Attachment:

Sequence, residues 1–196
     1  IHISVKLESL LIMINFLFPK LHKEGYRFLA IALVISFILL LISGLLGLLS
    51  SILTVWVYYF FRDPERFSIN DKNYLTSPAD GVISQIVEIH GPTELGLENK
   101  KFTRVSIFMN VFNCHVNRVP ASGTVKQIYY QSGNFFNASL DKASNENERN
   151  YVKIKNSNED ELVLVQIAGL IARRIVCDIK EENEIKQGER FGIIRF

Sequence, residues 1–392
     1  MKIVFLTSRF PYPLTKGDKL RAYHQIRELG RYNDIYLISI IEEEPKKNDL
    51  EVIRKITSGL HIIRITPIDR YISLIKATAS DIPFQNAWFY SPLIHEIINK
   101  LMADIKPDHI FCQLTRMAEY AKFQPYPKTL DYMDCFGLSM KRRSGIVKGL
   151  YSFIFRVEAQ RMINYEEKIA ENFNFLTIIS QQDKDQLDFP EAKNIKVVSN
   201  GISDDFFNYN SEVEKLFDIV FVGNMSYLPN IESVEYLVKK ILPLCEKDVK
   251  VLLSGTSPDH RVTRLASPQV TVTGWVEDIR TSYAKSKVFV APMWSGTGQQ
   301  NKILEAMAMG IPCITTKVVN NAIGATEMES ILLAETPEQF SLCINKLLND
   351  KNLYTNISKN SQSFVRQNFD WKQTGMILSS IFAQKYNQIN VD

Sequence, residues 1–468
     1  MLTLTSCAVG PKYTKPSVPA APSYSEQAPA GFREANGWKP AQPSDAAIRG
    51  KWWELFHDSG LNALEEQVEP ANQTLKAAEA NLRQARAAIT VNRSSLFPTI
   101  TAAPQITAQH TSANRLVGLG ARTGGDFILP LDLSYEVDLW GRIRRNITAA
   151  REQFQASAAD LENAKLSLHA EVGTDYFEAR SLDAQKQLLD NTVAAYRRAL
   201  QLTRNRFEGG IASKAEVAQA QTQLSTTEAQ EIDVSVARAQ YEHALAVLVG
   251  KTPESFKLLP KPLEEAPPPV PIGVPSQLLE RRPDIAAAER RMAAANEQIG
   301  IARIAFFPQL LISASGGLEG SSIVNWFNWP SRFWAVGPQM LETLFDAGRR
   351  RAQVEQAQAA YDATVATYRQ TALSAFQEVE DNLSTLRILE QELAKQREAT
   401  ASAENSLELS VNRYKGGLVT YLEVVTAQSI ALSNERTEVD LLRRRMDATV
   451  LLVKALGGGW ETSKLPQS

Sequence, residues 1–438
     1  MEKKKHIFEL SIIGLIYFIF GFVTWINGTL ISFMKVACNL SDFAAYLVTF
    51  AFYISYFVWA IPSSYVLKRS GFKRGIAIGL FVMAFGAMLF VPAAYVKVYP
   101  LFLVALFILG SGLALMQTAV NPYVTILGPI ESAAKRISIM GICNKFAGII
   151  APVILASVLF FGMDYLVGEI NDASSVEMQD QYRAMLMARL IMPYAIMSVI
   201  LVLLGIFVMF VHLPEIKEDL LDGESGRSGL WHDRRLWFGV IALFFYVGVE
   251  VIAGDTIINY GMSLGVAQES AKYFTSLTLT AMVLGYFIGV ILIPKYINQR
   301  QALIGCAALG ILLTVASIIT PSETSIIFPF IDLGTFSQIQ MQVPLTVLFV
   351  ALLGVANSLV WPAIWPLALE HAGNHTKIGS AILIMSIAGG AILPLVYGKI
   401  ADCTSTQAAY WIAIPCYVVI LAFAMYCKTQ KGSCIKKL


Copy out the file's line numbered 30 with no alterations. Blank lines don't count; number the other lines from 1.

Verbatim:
   151  APVILASVLF FGMDYLVGEI NDASSVEMQD QYRAMLMARL IMPYAIMSVI